Documents related to a secret settlement agreement between Detroit Mayor Kwame Kilpatrick and former city police officers were released this morning after the city’s last ditch effort to maintain the documents’ secrecy was rejected by the Michigan Supreme Court.
After the city reached a settlement of $8.4 million with the police officers, who had claimed they were fired because they had information pertaining to the mayor’s alleged affair with his chief of staff, the city refused to release documents related to the settlement. The Detroit Free Press sued the city under state public records law to obtain the records, which are believed to include text messages between the mayor and his mistress proving the mayor lied about the affair in court.
In rejecting the city’s final appeal — and agreeing with the decisions of both lower courts — the Michigan Supreme Court found that exemptions within the state’s Freedom of Information Act do not pertain to settlement agreements. In response, the city’s attorney asserted that the court’s decision would frustrate future settlement agreements and lead to longer and more costly litigation in the state.
But really, from the public’s point of view, the city attorney’s justification is feeble at best. As long as we’re talking motivations enhanced by today’s document release, how about the incentive not to perjure one’s self or, perhaps, to refrain from firing city workers to cover up your misdeeds?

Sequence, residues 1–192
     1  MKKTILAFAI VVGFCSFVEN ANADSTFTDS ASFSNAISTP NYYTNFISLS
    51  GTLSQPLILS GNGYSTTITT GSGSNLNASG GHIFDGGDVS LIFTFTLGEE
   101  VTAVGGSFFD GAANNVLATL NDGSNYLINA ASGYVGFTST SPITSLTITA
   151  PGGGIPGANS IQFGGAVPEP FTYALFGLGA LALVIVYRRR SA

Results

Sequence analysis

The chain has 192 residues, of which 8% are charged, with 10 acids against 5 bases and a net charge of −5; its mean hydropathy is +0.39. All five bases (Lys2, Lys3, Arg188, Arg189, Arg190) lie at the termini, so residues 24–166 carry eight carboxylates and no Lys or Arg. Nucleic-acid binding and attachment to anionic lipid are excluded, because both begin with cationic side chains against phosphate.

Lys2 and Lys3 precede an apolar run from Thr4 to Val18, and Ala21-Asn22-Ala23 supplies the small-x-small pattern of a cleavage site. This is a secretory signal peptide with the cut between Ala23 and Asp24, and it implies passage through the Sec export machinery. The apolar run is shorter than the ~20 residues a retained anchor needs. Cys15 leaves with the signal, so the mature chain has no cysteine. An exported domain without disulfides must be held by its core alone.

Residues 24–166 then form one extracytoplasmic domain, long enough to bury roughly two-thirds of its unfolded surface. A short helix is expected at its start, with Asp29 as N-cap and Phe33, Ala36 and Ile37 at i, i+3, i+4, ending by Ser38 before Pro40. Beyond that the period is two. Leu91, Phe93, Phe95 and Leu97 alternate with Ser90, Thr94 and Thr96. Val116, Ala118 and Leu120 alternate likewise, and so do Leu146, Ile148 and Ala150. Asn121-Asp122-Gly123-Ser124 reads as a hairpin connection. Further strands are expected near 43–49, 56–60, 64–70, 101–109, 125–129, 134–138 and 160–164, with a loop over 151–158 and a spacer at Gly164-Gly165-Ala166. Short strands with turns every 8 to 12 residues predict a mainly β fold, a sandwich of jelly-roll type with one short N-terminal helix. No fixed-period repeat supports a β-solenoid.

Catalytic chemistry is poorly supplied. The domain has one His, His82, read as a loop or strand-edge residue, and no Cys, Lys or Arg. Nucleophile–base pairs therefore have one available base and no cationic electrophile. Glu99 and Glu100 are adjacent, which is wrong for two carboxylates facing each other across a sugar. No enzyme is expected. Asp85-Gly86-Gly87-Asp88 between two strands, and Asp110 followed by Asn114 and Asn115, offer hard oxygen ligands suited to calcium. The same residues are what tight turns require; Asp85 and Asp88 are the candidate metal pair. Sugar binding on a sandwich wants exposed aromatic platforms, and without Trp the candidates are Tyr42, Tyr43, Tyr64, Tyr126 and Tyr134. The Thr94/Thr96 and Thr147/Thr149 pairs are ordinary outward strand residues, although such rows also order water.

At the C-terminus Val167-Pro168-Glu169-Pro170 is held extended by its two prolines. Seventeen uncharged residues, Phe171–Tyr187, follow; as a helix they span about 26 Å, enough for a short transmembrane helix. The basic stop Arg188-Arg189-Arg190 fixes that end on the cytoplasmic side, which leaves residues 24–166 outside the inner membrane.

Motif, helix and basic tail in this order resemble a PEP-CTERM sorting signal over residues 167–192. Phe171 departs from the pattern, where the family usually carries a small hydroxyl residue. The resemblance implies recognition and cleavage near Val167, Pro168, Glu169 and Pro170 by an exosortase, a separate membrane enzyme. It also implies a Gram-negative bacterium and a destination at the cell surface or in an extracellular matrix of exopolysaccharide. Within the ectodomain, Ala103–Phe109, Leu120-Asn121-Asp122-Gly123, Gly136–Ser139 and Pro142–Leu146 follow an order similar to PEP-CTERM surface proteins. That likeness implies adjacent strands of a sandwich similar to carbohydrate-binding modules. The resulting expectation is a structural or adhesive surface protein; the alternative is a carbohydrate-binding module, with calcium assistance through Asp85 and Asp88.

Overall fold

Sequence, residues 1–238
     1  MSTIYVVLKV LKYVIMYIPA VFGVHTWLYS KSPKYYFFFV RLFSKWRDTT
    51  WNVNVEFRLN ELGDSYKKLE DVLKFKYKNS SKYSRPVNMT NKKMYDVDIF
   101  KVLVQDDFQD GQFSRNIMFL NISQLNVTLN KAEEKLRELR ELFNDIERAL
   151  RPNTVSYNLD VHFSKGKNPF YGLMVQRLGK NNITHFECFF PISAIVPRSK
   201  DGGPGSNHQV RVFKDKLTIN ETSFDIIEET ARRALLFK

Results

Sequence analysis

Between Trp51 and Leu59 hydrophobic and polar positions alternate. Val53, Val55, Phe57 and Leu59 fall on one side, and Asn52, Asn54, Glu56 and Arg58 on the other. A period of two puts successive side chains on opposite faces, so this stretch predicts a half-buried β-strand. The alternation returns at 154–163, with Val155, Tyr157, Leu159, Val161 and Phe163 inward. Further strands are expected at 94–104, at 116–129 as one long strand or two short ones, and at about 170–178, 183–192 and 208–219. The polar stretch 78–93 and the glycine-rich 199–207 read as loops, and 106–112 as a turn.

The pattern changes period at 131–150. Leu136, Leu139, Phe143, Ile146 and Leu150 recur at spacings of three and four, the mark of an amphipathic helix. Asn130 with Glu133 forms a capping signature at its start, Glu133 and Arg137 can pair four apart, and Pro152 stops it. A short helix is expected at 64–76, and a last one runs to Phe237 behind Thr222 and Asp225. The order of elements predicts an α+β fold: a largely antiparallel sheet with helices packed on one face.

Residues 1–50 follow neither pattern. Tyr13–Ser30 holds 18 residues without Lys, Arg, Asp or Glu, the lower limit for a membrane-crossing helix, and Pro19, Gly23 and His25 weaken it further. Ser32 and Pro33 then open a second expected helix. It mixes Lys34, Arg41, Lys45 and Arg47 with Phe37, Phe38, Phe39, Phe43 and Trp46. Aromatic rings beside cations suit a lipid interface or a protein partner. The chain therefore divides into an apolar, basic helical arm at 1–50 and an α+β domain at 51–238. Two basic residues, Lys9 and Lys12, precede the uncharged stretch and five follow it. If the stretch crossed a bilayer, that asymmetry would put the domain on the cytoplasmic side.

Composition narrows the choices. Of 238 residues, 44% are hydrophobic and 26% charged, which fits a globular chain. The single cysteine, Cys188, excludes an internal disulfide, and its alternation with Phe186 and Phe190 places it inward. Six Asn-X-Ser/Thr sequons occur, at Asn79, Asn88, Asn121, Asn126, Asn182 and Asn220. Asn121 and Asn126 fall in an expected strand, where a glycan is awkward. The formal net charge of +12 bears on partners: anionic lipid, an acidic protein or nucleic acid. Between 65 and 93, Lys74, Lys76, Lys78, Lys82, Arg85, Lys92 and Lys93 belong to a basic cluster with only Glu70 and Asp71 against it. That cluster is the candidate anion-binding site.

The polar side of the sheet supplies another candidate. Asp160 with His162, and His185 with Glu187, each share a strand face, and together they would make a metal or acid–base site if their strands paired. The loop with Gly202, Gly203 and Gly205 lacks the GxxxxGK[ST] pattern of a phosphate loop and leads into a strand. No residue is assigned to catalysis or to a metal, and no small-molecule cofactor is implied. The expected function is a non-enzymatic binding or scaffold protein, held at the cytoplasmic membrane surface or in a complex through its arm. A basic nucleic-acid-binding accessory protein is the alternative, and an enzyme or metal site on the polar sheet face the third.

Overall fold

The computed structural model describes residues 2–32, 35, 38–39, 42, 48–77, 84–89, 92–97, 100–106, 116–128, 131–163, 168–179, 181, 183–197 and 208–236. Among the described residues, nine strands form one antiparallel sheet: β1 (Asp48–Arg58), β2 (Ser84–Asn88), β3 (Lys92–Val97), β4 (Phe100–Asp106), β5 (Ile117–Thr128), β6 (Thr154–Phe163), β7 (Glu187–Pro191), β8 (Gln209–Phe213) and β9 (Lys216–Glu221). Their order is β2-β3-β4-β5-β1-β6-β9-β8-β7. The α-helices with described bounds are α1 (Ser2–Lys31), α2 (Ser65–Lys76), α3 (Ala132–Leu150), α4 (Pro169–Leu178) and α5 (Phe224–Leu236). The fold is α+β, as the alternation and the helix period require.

In clarifying that a Michigan municipality cannot pay out millions of taxpayer money and then hide the reasons for doing so by citing an agreement with the beneficiary of the payoff, the Michigan Supreme Court ensured that elected officials in the state may think twice before engaging in dishonest shenanigans that could be covered up through hush-money settlements.
Then again, they may not. Some powerful people will always think they can get away with anything. But today’s decision, at the very least, ensures that such deeds have a better chance of being revealed and their crooked perpetrators rightly punished.